ADHD, or Attention Deficit Hyperactivity Disorder (formerly known as ADD) is a neurological condition that causes children to lose focus and behave in ways that, if untreated, may make it difficult for them to successfully participate in school, social and family life. Children with ADHD can be inattentive, hyperactive or impulsive, and many have a combination of these behaviors. Other learning disabilities or mental conditions can also accompany ADHD.
Although it's the nation's most common childhood mental disorder -- 8 percent of all U.S. kids, which translates to about 5 million, have been diagnosed -- ADHD can be surprisingly hard to spot because it affects individual children so differently. ADHD kids can be rowdy troublemakers who get into fights and fail at school, excessively chatty straight-A know-it-alls who constantly interrupt their teachers, or "space cadets" who stare out the window unaware that rest of the class has left for lunch. While all young children can be impulsive, hyperactive or inattentive at times, for children with ADHD these behaviors are so frequent and severe that they interfere with normal activities, often leaving them confused, frustrated, or angry.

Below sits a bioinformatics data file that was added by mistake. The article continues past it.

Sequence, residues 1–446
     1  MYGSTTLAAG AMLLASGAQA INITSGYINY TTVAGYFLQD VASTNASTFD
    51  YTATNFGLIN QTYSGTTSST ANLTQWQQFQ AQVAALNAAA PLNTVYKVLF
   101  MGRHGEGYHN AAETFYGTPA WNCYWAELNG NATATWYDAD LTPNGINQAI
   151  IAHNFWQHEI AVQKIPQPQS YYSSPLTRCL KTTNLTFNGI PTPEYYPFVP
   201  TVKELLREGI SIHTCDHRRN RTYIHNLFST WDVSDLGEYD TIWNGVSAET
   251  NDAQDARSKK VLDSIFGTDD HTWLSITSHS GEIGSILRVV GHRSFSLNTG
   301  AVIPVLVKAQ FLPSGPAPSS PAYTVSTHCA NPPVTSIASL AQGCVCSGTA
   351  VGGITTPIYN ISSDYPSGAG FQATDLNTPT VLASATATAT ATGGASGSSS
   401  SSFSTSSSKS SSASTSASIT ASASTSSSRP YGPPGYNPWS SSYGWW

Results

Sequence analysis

According to the Centers for Disease Control and Prevention, boys are more likely to be diagnosed with ADHD than girls (9.5 percent of all boys, versus 5.9 percent of girls) but experts are unsure if that means more boys actually have the condition, or if they're just more likely to have the type of ADHD that results in disruptive behavior. Kids who act out, especially in school, are more likely to be noticed and referred for diagnosis than those who drift off into their own world.
The good news is that a great deal of research has been done on ADHD (which has been a recognized mental condition since the 1960s) and there are a number of strategies, including medication, behavioral modification and school accommodations, that can help children manage their condition and lead successful, happy lives.